We are very grateful to local entertainment historia Brian Nobile for compiling this history of the venue
Can I say how delighted I am at being asked to do a short history of The Alhambra.
As an entertainment historian for the Dunfermline area and born in 1951 I was
taken to many of the great Scottish shows held in the popular venue in the early
and mid 1960's by my mother and even once met the Alexander Bros. It was
amazing the audiences these kind of shows could pull in but the problem was that
the overheads were so high that and you needed a huge crowd to break even.
The story of The Alhambra starts in 1920 when planning permission was submitted
to build a theatre at the corner of Canmore Street and The New Row in
Dunfermline. All went well with the application and work was started fairly
quickly. Nobody is really sure what went wrong but by the time the theatre was
ready for opening the owners had run out of money. It was touch and go whether
or not the theatre would actually open as the companies weren't to happy about
not being paid for creating a state of the art entertainment venue. If you've been
to The Alhambra you can imagine the detailed work that was carried out when
building. A meeting was held with the bank and the companies involved and it was
pointed out that if the theatre didn't open the owners would be bankrupt and
nobody would get anything. They found a way round the problem by offering the
companies involved shares in the Alhambra which obviously didn't suit all but it
was better than nothing.
The Alhambra finally opened it's doors to the public in August 1922 with a film
called 'Over The Hill'. It was disappointing to many at the time that a beautiful
theatre should offer films and not 'live' entertainment but the owners promised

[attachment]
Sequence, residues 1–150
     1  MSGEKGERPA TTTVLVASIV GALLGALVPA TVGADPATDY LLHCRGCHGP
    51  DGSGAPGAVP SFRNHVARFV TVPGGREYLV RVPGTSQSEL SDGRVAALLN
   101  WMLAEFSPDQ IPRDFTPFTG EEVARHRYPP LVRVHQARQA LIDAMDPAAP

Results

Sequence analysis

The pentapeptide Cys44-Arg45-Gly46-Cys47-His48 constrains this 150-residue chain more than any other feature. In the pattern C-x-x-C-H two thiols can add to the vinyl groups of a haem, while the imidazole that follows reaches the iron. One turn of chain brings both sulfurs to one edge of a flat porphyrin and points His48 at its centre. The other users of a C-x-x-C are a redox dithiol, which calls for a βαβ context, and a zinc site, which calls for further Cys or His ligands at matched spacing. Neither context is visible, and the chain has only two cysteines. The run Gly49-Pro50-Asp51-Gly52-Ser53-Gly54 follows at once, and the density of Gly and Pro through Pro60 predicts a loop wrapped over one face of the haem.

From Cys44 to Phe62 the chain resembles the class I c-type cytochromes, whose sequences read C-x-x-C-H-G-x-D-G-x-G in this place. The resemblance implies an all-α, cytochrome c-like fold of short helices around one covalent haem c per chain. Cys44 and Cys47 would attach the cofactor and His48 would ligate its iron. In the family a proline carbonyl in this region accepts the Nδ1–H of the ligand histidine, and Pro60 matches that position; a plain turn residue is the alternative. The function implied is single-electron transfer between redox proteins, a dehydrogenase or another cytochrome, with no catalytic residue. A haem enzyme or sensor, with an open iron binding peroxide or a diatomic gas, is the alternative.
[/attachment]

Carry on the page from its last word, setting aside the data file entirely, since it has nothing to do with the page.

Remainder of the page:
patrons that the best of the touring companies would be brought to the Alhambra,
this they tried to do but for some reason it wasn't working. It was agreed to seek
a new owner that would come in and turn the theatre's fortunes around. In 1923
a Managing Director was found and it came in the form of The Alhambra's biggest
rival. The owner of The Dunfermline Opera House was London born actor, touring
company and now theatre owner John Henry Hare who had settled in the town
after taking ownership of the Opera House in 1912. Since John Henry Hare took
over The Opera House he had brought to the town some of London's best west
end productions and the standard of entertainers he brought proved he obviously
had his finger on the pulse of what was happening in the world of entertainment.
The question was could he do the same for The Alhambra?
In researching for this article and going through the local papers of the time he brought to the Alhambra a great wealth of top performers and touring company's. The D'Oyly Carte company was the bench mark of the standard of entertainment that graced the stage of the Alhambra at the time but as in other cities and towns in Britain entertainment tastes were changing. With the improved quality of films being made and the popularity of Charlie Chaplin ect. it was cinema that was packing them in and
theatres in Glasgow, Edinburgh, Dundee, Aberdeen and Perth were having to
adjust to the clamber for better quality venues for the Cinema boom as it became
harder to fill the theatres with 'Live' entertainment.
A decision was made in 1924 to turn the Alhambra theatre into 'The Temple Of
Motion Pictures' and from then until 1965 it was one of the most popular cinemas
in fife and brought to the town all the great Hollywood blockbuster movies that
became so popular that people would queue of hours to see their favourite film or
film stars. It would be wrong to say that The Alhambra had failed as a theatre
because it was turned into a cinema but it had a great history and by the number
of letters I've received over the years the filmgoers of the area have many happy
memories of their visits to the Alhambra.
It's with great excitement that 80 years after the decision to stop bringing live
entertainment to the Canmore Street venue that entertainment tastes have again
changed and the quality of artistes that the new owners have planed to bring to the
Alhambra fills me with great warmth and feeling and I hope that the future is a
bright and successful one.
Surely the highlight of the Alhambra so far must be from August 1928 when the
then Duke & Duchess of York (later King & Queen) were given The Freedom Of
Dunfermline on the stage of The Alhambra. How many theatres can boast of that?